But Penny has no interest in sitting. Instead, she begins to pace back and forth angrily across Sheldon's living room, like a bull preparing to charge at a matador.

"You seem distressed, Penny. Can I interest you in a hot beverage?"

"Where's your roommate, Sheldon?" Penny asks pointedly, ignoring her friend's inquiry.

"Oh, Leonard had to work late," Sheldon explains distractedly, as he extracts two matching mugs from the kitchen cabinet.

"I see," Penny says sternly, as she removes two packets of Hot Cocoa Mix from the pantry, and pours them into the mugs Sheldon has placed on the counter, while he heads to the stove to boil the water.

Of all of Sheldon's acquaintances, Penny is the only one he will allow to help him make hot cocoa. Amy will inevitably add too much milk, or fail to properly stir the concoction, rendering the beverage much too chunky in consistency for Sheldon's taste. As for Leonard, he insists that heating the cocoa in the microwave tastes exactly the same as doing it on the stove, an idea Sheldon finds absolutely preposterous.

"And has he been doing that a lot, lately . . . working late, I mean?" Penny continues.

Sheldon pauses over the stove to ponder this question. "Now that you mention it, Leonard has worked late every Monday and Thursday night this month. Who knew reinventing the proverbial wheel of scientific discovery could be so time-consuming?" He muses.

Penny narrows her eyes, as she furiously stirs the pot before her. The steam rising from the oven appears to be coming out of her ears . . . an optical illusion that Sheldon finds fitting, given the waitress' sour mood. "And this doesn't bother you at all?" She asks bitingly, "Your roommate's sudden dedication to his work?"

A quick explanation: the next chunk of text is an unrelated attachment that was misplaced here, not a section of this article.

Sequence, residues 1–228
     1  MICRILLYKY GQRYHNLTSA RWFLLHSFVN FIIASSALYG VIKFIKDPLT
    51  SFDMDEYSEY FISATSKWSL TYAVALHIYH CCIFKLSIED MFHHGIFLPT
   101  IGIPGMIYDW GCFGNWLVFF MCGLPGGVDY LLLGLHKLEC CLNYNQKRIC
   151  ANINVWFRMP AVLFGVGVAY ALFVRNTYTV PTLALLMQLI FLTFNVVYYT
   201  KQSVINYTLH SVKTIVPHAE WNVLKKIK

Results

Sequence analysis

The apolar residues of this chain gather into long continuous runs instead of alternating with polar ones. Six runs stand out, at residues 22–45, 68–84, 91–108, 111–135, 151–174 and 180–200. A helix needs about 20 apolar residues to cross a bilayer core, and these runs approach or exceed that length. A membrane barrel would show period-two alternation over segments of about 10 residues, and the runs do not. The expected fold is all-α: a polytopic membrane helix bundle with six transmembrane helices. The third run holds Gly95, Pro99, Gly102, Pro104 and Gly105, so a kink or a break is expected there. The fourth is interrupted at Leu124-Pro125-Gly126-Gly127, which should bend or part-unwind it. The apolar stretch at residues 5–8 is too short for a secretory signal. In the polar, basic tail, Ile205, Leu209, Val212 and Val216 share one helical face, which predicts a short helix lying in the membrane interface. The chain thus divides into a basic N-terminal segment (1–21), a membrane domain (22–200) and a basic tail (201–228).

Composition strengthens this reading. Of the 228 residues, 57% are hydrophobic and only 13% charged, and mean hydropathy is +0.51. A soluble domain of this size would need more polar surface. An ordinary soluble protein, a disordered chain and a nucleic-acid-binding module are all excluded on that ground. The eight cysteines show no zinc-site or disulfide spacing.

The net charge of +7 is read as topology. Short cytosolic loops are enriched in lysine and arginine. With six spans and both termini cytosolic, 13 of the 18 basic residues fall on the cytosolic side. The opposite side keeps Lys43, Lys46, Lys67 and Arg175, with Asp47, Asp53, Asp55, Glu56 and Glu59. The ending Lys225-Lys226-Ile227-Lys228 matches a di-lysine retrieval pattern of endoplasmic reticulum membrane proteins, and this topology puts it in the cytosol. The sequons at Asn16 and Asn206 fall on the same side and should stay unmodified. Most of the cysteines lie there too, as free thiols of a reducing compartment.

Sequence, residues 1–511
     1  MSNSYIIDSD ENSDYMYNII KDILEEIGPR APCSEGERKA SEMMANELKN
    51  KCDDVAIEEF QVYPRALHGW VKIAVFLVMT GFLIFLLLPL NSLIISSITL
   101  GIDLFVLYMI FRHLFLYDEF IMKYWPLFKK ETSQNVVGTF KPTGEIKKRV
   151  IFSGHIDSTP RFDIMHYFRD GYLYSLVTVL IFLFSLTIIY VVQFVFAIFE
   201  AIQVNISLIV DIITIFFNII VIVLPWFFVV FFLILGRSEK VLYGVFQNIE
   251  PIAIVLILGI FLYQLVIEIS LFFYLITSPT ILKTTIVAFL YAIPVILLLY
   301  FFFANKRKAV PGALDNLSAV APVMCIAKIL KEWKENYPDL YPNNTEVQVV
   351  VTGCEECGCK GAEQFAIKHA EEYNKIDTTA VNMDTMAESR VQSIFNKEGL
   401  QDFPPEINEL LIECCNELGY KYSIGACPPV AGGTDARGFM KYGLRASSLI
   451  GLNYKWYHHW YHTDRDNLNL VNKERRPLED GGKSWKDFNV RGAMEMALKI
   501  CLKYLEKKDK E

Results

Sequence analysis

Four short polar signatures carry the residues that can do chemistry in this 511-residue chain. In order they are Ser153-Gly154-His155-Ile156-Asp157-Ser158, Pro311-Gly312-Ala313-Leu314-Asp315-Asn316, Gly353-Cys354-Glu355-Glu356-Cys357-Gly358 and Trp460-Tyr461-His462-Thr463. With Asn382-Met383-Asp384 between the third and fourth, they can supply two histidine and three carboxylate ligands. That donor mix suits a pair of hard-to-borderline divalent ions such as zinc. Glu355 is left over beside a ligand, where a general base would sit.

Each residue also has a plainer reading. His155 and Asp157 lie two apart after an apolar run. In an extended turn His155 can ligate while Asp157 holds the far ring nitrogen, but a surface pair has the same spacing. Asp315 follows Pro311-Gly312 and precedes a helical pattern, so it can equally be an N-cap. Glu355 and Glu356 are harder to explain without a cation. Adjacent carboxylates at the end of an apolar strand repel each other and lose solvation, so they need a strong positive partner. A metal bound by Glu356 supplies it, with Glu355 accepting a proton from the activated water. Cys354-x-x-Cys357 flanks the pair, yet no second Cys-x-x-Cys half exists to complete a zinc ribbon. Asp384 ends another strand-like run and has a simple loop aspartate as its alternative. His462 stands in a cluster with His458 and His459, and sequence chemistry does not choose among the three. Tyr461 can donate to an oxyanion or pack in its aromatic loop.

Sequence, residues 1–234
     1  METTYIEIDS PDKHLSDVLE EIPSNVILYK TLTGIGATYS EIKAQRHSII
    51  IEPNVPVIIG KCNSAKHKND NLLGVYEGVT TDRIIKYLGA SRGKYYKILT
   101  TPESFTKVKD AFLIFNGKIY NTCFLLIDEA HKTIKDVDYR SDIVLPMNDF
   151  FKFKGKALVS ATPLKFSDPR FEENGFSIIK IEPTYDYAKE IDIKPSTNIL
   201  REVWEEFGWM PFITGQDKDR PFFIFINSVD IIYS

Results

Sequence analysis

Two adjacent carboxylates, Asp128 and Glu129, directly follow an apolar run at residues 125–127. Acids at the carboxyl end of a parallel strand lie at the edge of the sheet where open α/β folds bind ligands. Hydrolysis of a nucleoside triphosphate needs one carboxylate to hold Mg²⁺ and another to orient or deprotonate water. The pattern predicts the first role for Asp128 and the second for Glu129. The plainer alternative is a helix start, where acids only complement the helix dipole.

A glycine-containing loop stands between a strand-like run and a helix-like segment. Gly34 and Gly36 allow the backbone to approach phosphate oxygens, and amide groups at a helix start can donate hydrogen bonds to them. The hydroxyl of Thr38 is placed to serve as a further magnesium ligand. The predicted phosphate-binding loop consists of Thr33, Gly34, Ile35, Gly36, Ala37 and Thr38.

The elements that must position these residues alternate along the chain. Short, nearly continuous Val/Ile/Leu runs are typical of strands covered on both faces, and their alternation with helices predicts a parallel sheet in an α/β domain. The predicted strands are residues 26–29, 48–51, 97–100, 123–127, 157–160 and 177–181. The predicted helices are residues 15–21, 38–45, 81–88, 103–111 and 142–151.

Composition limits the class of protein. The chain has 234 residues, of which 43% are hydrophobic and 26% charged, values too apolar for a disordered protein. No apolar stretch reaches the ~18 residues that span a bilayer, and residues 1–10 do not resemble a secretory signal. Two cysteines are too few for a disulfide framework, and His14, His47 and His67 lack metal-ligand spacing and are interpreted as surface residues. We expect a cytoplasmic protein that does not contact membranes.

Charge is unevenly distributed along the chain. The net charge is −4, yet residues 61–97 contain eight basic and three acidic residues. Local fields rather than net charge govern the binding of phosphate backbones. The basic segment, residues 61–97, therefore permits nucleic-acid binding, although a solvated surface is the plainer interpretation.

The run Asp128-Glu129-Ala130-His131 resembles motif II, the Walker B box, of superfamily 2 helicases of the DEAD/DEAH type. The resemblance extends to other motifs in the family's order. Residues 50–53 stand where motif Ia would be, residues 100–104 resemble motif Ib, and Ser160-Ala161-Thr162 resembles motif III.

"On the contrary," Sheldon corrects. "At first, it bothered me very much. As you know, Monday nights, are Thai takeout nights. Leonard's failure to partake in our ritual did abysmal things to my digestion process. But since I've informed him of this, Leonard has taken it upon himself to have Siam Palace deliver me my chicken satay at precisely 5:45 p.m. each Monday night. And now, I am happy to report that my digestion is just dandy."

"I'm so glad," Penny mutters sarcastically, as Sheldon pours hot water into her mug.

"Why thank you! I'm glad too," Sheldon responds gleefully.

"What about Amy? Where is she tonight?" Penny presses, closing her eyes briefly, as she inhales the aroma of the hot cocoa mug in front of her.

Sheldon always makes the best hot cocoa. She thinks to herself with a smile. Then, she remembers that she's supposed to be mad, and starts glaring at the wall again.

"Actually, she's working late too. She mentioned something about a Capuchin Monkey Emergency."

"Hmph, and you don't find that the least bit convenient?" Penny probes.

"Absolutely not! If you have ever seen the Planet of the Apes movies, you would know that Monkey Emergencies are not only most inconvenient, but, at times, downright apocalyptic."